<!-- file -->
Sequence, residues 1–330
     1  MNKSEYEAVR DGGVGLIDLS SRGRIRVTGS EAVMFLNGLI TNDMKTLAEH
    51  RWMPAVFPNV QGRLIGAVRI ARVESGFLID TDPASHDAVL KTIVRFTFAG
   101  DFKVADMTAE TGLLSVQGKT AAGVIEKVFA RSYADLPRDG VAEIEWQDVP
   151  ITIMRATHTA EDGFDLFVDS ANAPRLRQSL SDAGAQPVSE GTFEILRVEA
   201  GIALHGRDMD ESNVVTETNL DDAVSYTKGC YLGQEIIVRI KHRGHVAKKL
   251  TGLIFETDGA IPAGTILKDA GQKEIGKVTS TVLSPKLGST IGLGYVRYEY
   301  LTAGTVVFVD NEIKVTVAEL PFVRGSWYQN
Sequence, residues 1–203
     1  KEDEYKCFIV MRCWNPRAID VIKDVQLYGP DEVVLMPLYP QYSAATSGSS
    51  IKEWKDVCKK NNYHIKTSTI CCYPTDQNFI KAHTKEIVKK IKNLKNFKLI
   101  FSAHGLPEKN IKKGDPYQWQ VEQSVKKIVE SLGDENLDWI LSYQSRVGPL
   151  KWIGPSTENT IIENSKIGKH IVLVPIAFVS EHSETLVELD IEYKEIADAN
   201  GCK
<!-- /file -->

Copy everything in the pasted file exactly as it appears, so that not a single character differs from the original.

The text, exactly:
Sequence, residues 1–330
     1  MNKSEYEAVR DGGVGLIDLS SRGRIRVTGS EAVMFLNGLI TNDMKTLAEH
    51  RWMPAVFPNV QGRLIGAVRI ARVESGFLID TDPASHDAVL KTIVRFTFAG
   101  DFKVADMTAE TGLLSVQGKT AAGVIEKVFA RSYADLPRDG VAEIEWQDVP
   151  ITIMRATHTA EDGFDLFVDS ANAPRLRQSL SDAGAQPVSE GTFEILRVEA
   201  GIALHGRDMD ESNVVTETNL DDAVSYTKGC YLGQEIIVRI KHRGHVAKKL
   251  TGLIFETDGA IPAGTILKDA GQKEIGKVTS TVLSPKLGST IGLGYVRYEY
   301  LTAGTVVFVD NEIKVTVAEL PFVRGSWYQN
Sequence, residues 1–203
     1  KEDEYKCFIV MRCWNPRAID VIKDVQLYGP DEVVLMPLYP QYSAATSGSS
    51  IKEWKDVCKK NNYHIKTSTI CCYPTDQNFI KAHTKEIVKK IKNLKNFKLI
   101  FSAHGLPEKN IKKGDPYQWQ VEQSVKKIVE SLGDENLDWI LSYQSRVGPL
   151  KWIGPSTENT IIENSKIGKH IVLVPIAFVS EHSETLVELD IEYKEIADAN
   201  GCK